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Spencer Ante – Senior Special Writer, The Wall Street Journal

Competitors in the technology industry, even the ones on top, dare not leave journalists wanting for something new to talk about. This makes for consistently well satiated journalists who, not so coincidentally, work in a field as dynamic as the industry they cover. As the tech industry changes, so does journalism – and usually in tumultuous ways. Tech industry journalist Spencer Ante understands this complex relationship particularly well. Having started his career during the mid ‘90s, Ante has witnessed, and often covered, the tech innovations that have transformed his field. This experience will prove useful in his promotion to senior special writer at The Wall Street Journal, a publication known for its swift adaptation to emerging technologies.

Ante currently serves as deputy bureau chief of the New York corporate bureau at the publication, but will assume his new position in the coming weeks. In his current role, Ante has frequently covered the tech industry on the East Coast and in New York; a region which he said is “challenging Silicon Valley in a serious way.” He has also overseen coverage of telecommunications and wireless as an editor and writer. His new role calls for broader coverage.

“I won’t be as focused geographically speaking,” he stated. “I’m going to write about technology, but with an emphasis on longer form stories and enterprise technology, as opposed to consumer technology. So companies like IBM, Hewlett-Packard, Dell, Oracle – the big, old tech companies. And then there’s a whole new generation of newer enterprise technology companies coming on the scene that are really shaking up the industry, doing things like cloud computing and big data. Companies like Salesforce and Workday. There’s a whole slew of these companies.”

Ante sees covering enterprise technology as uniquely challenging. He said the subfield isn’t as “sexy” as consumer technology, but maintained that it is equally important. Some readers might find it less accessible and its applications less apparent, but his goal is to change that.

“The challenge is to take some of these things like cloud computing and turn it into something people can understand,” he said. “Not only understand the technology, but also the importance of the technology to people and to companies.”

Ante is also spearheading a new digital product for WSJ tech coverage, another example of journalism co-evolving with changing media technologies.

“It hasn’t launched yet, but I can say we’re hoping to launch it probably in late September or October, and it’ll be a service that is aimed at the technology industry,” he said. “I’ll be working with various people in the company and technology editor Jonathan Krim, who is sort of rebuilding the technology team here. I’ll also be working with some of the other editors and technology developers to create the product.”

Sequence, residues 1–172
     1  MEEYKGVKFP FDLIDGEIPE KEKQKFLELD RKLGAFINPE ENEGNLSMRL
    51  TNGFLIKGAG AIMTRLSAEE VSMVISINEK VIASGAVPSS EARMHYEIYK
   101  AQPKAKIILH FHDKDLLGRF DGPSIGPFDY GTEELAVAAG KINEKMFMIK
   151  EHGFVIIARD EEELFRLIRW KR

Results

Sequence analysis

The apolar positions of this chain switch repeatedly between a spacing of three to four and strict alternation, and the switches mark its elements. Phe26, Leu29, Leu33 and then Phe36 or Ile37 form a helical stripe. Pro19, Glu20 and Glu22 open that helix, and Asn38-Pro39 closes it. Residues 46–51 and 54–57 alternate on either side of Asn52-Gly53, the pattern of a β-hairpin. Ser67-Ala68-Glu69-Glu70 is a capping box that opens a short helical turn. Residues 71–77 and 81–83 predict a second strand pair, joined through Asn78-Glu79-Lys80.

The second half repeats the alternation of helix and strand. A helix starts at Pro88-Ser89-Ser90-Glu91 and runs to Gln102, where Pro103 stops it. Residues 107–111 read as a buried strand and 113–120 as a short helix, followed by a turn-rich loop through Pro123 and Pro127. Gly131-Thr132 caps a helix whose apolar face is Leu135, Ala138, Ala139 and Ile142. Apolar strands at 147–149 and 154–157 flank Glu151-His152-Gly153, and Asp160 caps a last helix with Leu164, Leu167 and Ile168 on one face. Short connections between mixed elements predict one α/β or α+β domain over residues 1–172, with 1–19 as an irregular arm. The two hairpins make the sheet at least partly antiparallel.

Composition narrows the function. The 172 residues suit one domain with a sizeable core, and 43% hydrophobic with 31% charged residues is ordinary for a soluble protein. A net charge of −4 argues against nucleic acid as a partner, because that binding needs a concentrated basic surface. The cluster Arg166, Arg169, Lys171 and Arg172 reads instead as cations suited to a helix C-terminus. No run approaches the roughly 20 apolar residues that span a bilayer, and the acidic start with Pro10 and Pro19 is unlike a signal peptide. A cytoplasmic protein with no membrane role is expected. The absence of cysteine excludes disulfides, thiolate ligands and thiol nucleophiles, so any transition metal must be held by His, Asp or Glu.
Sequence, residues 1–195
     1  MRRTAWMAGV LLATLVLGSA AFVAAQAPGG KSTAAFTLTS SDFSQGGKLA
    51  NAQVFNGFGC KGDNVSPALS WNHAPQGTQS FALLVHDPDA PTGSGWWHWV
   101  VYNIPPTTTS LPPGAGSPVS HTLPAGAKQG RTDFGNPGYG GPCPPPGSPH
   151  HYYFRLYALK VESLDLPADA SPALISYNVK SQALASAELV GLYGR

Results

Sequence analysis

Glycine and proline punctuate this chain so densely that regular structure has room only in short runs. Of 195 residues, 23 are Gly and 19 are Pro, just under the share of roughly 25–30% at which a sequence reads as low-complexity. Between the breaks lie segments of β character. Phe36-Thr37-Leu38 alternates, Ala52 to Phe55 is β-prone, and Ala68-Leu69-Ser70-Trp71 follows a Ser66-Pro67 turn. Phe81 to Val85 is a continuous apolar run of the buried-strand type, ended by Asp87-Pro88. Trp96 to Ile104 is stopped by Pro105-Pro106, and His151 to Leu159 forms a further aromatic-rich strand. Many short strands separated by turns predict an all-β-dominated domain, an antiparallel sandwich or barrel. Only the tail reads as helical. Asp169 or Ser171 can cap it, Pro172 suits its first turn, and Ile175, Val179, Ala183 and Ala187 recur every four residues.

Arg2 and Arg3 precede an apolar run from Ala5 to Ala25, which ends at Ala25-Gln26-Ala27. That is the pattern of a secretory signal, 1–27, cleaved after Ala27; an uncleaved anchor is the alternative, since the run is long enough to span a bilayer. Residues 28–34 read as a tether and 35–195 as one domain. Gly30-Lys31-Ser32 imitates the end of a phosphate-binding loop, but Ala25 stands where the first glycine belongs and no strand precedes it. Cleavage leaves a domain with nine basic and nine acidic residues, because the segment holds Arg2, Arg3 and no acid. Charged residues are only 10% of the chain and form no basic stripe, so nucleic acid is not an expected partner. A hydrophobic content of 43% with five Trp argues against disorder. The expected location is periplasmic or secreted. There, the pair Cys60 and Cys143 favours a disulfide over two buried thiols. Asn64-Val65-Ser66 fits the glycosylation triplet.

Such products represent a very proactive response to a capricious media landscape, but Ante acknowledged that journalism at large still has a ways to go.

“The industry has been slow to adopt digital technology and even slower to figure out business models,” he said. “But I think the Journal in particular has been very aggressive and smart at embracing digital and figuring out a business model. They were early in starting to charge for their content, which has proved be a very wise move.”

“It’s definitely been a time of great disruption,” he continued, “which is scary, to a certain extent. But it’s also a time of great opportunity.”

Ante also noted that technology advances have made journalism increasingly competitive, and he sites this as one of the biggest challenges in his specific field.

“The technology area in journalism was one of the first to embrace digital,” he said. “And so you’ve seen this explosion of Internet journalism and blogs; it’s just incredible the amount of activity and competitiveness you see in the technology sector. I enjoy competition – it’s definitely challenging.”

Having received a Pulitzer Prize nomination in 2012, Ante seems to be fairing quite well, competitively speaking. “I was fortunate enough to be part of a team of journalist that was nominated for our work on privacy in the digital age. I had one of the stories in the package which got a nomination.”

Before starting at The Wall Street Journal in 2010, Ante was an associate editor at Bloomberg Businessweek, which he joined in 2000. He holds a master’s degree in journalism from the University of California, Berkeley. He lived in San Francisco for a number of years, enjoying a front row seat to the Internet’s beginnings and the tech boom that followed.

Regarding his time at The Wall Street Journal thus far, Ante stated, “I’ve learned a lot here. There are a ton of tremendous people and I learn from them every day. It’s one of the best places to work in journalism.”

 

Pitching Tips

Pitch to Ante via email. He specifically asks not to be pitched via social media.

Given the heavy flow of emails he receives on a daily basis, he admits that it can be difficult to respond to press materials. He said that a follow-up call or email is often overlooked, but can be very helpful reminders.

Generally speaking, he advises PR pros to “do their homework” and familiarize themselves with his specific coverage.

“The pitch should not be very long,” he added. “Just tell me what the news is – high on the very top of the email – and why it matters to me.”

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